At just £389, the TRM-202 is by far our cheapest selection; German brand Omnitronic is best known for budget products rather than high-end audiophile kit. The sound of the TRM is certainly a step below any of the more expensive options and the build quality is also lower (although aftermarket wood kits are available, which make the whole thing much prettier). However, it fits the bill as a first rotary mixer for DJs who are unsure whether they’ll enjoy the feel of rotary faders. You may not get the full hi-fi experience, but the ergonomics are similar to mixers four or five times the price.
Retails for $318/£389.
MasterSounds Radius 2
The UK’s MasterSounds is at the cutting edge of turntable tech, offering record weights, studio monitors, modified Technics turntables and various other vinyl-themed goodies. The two-channel Radius 2 is its entry-level DJ mixer. You definitely don’t get many features for your money, but that’s pretty much the point: no bells and whistles, just ultra-high sound quality. High-pass filters on each channel and a three-band master EQ/isolator provide the sonic options. For best results, it’s designed to team up with the MasterSounds FX unit (£495), which adds analogue-modelled reverb and delay effects, plus true analogue filter and distortion circuits.
Retails for $1,455/£1,150.
Aside from maybe the UREI 1620 of the early 80s, the 1970s Bozak CMA-10-2DL is the definitive rotary mixer, originally hacked together from public-address-system mixers by Rudy Bozak, under encouragement from New York club-sound system guru Alex Rosner. Modern Bozak mixers might be a few steps removed from those classic originals (they’re now produced in the UK by a new company with the rights to the name) and the AR-6 isn’t identical to the classic CMA, but a lot of the DNA is clearly visible, from the no-nonsense front -panel layout (which might charitably be described as functional) through to the discrete analogue circuits inside.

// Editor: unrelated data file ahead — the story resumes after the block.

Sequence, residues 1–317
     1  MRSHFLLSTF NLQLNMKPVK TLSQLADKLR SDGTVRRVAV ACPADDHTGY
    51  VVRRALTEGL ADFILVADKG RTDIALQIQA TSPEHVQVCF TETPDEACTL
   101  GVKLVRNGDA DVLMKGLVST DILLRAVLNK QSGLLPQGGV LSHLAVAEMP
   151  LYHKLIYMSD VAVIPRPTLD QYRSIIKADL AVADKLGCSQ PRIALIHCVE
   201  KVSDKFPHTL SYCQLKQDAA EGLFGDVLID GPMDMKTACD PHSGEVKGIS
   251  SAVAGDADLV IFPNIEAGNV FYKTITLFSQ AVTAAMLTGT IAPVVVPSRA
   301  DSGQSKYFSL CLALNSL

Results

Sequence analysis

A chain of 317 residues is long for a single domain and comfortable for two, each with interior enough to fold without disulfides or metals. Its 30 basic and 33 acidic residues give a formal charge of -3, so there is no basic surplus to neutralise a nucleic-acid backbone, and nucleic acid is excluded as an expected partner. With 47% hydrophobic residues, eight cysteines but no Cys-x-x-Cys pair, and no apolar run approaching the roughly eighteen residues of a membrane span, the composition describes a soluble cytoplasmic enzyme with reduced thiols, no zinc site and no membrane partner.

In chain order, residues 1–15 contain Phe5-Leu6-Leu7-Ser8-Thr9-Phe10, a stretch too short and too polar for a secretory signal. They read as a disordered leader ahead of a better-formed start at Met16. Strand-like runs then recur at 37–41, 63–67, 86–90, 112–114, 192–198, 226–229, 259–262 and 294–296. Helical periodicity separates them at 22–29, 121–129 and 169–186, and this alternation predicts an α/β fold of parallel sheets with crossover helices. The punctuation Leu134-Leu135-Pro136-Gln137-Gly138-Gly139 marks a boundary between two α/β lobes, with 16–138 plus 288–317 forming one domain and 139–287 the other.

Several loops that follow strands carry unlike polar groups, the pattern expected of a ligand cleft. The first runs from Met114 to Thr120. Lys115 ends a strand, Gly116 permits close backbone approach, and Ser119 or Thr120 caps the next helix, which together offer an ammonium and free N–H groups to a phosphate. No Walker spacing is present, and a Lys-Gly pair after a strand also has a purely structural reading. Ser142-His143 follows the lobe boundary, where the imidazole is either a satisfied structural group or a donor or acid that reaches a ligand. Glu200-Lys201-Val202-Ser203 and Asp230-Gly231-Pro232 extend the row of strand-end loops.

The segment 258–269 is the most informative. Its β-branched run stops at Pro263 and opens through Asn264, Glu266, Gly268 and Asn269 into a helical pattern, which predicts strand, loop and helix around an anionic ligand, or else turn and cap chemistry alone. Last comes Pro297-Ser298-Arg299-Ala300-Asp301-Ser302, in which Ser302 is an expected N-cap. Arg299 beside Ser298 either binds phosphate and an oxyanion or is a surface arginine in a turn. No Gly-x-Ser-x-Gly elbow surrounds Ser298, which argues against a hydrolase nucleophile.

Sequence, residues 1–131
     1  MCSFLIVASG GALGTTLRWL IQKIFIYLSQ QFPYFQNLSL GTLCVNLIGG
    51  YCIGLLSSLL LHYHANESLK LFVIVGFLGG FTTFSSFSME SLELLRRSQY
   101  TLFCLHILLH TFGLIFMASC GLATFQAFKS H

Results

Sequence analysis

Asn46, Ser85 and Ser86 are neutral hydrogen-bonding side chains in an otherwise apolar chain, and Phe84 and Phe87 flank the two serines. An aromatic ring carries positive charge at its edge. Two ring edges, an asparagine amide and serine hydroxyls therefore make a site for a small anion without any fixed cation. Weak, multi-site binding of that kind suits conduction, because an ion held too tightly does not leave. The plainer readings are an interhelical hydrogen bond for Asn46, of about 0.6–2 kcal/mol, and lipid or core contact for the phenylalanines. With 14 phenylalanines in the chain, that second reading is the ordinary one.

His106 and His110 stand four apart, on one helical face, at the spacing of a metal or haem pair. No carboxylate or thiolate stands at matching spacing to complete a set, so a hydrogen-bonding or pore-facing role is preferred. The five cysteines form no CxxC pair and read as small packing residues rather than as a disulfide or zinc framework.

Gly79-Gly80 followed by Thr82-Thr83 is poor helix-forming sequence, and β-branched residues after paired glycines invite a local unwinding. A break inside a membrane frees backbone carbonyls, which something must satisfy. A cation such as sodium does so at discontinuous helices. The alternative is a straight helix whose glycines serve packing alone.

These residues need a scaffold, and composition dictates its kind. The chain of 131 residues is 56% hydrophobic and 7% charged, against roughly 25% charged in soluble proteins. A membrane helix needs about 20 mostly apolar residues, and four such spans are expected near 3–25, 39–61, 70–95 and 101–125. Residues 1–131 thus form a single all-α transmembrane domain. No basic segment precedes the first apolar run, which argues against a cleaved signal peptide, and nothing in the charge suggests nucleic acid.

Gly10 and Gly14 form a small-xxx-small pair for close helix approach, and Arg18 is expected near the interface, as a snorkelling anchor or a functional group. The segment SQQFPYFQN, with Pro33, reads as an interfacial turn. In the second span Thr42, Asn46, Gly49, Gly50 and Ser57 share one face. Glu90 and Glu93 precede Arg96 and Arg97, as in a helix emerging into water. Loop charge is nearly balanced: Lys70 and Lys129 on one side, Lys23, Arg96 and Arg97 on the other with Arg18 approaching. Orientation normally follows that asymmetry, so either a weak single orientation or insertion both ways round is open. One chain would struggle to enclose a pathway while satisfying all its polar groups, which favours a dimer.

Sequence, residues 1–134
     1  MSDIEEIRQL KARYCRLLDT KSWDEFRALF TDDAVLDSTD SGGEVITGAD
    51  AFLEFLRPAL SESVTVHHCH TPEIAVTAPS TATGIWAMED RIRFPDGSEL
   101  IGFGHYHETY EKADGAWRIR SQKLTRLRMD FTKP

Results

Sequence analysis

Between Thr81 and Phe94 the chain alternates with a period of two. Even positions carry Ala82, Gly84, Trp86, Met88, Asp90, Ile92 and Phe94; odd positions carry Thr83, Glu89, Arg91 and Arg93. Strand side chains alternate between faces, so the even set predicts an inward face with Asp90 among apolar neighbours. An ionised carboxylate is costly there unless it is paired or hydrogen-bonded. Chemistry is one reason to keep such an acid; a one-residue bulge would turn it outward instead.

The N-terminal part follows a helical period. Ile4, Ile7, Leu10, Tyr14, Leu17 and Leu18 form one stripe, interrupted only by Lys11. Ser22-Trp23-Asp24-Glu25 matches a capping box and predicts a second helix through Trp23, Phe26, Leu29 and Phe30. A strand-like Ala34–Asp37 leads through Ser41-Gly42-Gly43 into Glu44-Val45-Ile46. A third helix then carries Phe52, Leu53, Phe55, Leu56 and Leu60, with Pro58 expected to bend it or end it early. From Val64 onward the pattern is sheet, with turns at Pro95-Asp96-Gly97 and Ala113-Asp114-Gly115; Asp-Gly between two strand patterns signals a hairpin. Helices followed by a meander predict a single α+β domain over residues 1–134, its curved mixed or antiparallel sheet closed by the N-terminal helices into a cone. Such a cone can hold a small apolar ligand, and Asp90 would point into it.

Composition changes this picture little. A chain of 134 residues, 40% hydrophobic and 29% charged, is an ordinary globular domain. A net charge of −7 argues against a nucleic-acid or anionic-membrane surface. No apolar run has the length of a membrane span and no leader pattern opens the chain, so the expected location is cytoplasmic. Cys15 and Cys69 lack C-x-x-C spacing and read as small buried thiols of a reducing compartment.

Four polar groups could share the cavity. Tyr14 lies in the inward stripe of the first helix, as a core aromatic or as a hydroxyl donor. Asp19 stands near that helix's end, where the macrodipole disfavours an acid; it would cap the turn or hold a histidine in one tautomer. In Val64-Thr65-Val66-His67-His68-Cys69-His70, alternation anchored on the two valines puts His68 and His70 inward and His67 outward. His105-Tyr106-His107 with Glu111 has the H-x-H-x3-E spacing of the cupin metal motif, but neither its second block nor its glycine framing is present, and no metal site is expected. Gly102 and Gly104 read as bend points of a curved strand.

Retails for $2,020/£1,599.
It’s a measure of the global popularity of rotary mixers that brands have sprung up around the world to meet demand for subtly different options. Australia’s Condesa Electronics is one of the more boutique brands, offering a small range of handbuilt mixers with a nice level of customisation as part of the order process. The Lucia is in the middle of the range, aimed at travelling DJs or purists thanks to its small, portable format (the cheaper Allegra is a rackmount model, while the larger Carmen models add more features). We’ll take ours in blonde wood with black anodised faceplate and the optional travel case, please.
Retails from $2,074/£1,624.
Little brother to the more retro AR-6, the AR-4 is a four-channel desktop unit with a broadly similar layout and featureset to other contemporary mixers. It’s maybe a little surprising that it’s actually more expensive than the more fully featured AR-6, but you’re paying a premium for the nicer case, wooden side cheeks, VU meters and slicker fit and finish, as compared to the rough-and-ready utilitarian 19-inch rack enclosure of the AR-6. Neither mixer is a bad choice by any means, with similar electronics at their heart. A solid option, with a link back to a 70s icon.
Retails for $2,145/£1,695.
Can Electric Taula 4
Barcelona’s Can Electric currently offers just one product, but the Taula 4 is a real winner. By now, you can probably guess the setup pretty well: four channels, each with two-band EQ and an effect-send control, plus a big three-band isolator section above. Standard stuff for a boutique rotary mixer, maybe, but the sound quality is the focus here and the Taula delivers in spades. As a single nod to variety, you can specify the exact colour you’d like the faceplate when you order, to be matched using the RAL colour standard.
Price on application.
MasterSounds Radius 4V